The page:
Why this story matters:
In January 2017, the US ambassador to Bosnia and Herzegovina, Maureen Cormack, announced that the United States had imposed sanctions on Milorad Dodik for "actively obstructing efforts to implement the 1995 Dayton Peace Agreement." According to Zdravko Krsmanović, a politician from Republika Srpska (a political entity in Bosnia and Herzegovina) and a vocal opponent of Dodik:
"After the historic handshake in Singapore between Kim Jong Un and Donald Trump, the president of Republika Srpska is oficially the only remaining president under US sanctions." (translation)
However, this tweet doesn't withstand scrutiny.
Dodik, of course, is not a head of state, so the very premise of the comparison is a bit far-fetched. But even if one takes that road the statement is not accurate. Kim Jong Un's status remains the same and, unsurprisingly, wasn't magically changed by the "handshake." Moreover, there are several presidents currently under US sanction -- among them, Robert Gabriel Mugabe (Zimbabwe); Nicolas Maduro (Venezuela); Bashar Al Assad (Syria) and Alexander Lukashenko (Belarus).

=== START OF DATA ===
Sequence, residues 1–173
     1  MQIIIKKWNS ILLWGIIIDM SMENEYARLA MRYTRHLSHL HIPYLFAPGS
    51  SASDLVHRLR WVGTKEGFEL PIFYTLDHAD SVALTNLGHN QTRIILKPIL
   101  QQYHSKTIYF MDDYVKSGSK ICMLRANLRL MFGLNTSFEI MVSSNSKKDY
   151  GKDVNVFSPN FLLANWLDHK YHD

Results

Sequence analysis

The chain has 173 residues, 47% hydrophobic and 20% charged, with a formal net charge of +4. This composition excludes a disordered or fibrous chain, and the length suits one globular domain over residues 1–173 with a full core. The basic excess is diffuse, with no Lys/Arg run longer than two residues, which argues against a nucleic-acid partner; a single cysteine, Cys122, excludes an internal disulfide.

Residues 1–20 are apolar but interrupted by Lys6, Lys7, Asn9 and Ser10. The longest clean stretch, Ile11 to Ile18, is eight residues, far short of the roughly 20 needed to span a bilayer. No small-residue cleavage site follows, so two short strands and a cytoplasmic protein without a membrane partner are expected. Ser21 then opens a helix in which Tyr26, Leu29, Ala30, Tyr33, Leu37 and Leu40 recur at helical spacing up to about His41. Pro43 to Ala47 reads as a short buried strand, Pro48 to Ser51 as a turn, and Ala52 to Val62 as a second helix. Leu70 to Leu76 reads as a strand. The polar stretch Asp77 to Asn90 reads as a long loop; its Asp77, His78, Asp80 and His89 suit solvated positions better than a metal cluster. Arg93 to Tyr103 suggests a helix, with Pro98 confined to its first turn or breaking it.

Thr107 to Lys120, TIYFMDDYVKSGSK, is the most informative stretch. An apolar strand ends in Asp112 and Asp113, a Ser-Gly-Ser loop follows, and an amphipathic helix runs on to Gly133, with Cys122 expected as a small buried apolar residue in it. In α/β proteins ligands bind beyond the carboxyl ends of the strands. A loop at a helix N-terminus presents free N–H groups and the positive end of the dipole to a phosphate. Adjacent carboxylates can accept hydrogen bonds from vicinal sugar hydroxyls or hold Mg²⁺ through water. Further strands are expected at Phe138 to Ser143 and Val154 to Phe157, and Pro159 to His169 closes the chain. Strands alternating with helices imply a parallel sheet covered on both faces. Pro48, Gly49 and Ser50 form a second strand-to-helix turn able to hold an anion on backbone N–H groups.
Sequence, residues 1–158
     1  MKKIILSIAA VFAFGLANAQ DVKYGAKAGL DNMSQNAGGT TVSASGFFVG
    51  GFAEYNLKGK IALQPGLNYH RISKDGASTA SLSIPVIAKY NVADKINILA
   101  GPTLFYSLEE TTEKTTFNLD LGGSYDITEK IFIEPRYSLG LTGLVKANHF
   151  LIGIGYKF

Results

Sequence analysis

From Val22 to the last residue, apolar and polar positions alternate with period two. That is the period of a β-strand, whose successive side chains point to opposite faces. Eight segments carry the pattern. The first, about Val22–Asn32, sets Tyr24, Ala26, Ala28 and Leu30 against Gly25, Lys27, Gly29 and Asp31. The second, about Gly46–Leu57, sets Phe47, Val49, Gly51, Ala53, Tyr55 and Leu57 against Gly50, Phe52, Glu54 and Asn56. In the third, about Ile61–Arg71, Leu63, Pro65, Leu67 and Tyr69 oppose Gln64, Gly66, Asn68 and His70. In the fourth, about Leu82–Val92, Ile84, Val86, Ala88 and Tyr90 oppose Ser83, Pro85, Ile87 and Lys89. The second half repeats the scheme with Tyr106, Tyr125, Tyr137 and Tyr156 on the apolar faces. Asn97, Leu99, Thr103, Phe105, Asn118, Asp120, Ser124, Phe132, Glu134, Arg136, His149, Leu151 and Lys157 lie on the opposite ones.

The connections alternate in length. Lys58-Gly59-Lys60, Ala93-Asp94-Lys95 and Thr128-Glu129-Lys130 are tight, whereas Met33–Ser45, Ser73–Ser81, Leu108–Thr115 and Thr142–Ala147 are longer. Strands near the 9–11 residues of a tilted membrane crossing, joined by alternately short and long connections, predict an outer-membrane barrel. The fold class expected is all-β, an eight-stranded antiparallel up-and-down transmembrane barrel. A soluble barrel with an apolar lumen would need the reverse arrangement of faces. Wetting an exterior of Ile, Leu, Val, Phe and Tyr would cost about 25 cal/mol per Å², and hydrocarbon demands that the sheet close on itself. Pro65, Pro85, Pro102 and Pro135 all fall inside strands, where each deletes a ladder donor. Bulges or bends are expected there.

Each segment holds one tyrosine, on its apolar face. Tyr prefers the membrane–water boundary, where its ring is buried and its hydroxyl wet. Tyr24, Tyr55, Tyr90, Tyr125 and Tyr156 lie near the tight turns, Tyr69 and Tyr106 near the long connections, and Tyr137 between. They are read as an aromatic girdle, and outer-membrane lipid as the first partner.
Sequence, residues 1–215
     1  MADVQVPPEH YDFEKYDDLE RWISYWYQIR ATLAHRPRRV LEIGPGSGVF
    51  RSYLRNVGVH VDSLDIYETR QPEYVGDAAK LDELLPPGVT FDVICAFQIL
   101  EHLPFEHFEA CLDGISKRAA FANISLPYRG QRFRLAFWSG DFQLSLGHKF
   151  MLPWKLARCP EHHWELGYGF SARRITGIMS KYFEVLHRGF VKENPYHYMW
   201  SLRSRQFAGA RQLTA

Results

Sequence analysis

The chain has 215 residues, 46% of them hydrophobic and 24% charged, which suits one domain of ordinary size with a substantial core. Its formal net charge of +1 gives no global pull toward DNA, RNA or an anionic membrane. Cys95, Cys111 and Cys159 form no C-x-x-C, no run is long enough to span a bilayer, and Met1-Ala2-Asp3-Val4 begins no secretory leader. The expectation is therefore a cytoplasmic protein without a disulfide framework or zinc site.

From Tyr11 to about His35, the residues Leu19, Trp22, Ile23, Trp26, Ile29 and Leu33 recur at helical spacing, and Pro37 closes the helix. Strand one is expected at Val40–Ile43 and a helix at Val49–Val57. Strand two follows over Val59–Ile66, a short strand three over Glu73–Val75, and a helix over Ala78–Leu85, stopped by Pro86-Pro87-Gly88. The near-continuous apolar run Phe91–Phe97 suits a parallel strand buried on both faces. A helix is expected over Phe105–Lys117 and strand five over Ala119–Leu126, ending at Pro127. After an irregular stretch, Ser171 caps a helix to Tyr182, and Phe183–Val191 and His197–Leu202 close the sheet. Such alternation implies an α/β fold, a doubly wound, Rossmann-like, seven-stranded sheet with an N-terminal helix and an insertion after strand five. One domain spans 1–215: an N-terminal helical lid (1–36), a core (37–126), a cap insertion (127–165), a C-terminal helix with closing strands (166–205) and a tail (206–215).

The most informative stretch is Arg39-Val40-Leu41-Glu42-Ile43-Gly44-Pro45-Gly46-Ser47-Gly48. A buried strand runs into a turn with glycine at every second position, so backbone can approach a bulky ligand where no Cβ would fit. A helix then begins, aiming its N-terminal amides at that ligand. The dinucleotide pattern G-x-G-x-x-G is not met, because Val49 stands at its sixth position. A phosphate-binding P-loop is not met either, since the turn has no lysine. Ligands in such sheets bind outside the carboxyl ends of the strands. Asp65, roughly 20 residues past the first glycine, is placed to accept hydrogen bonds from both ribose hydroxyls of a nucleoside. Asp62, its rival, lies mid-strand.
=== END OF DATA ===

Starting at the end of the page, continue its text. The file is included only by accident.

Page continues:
So, Dodik isn't the only high-ranking politician sanctioned by the US -- but he's definitely not in good company, whichever way you look at it. And he probably won't be leaving any time soon. Especially not in an election year, considering that all Dodik's campaigns are based on the very divisiveness, fear mongering and ethnic nationalism which got him there in the first place.
Details from the story:
- This move came after years of Dodik's openly anti-state politics and flirting with the seccession/independance of Republika Srpska, which culminated in a referendum he initiated to dispute a decision of the Constitutional Court of BiH.
- The court had previously decided that the entity's holiday titled "Day of Republika Srpska" was unconstitutional and discriminatory against non-Serbs. The referendum, held in September 2016, was condemned by both the US and the EU.
- The sanctions were imposed by the State Department's Office of Foreign Asset Control, enabling the US authorities to block any assets in Dodik's posession which are under U.S. jurisdiction.
- In response, Dodik claimed that sanctions were introduced as revenge by Obama's outgoing administration, prompted by the fact that he was "officially invited to Donald Trump's inauguration" -- another claim that turned out to be entirely false.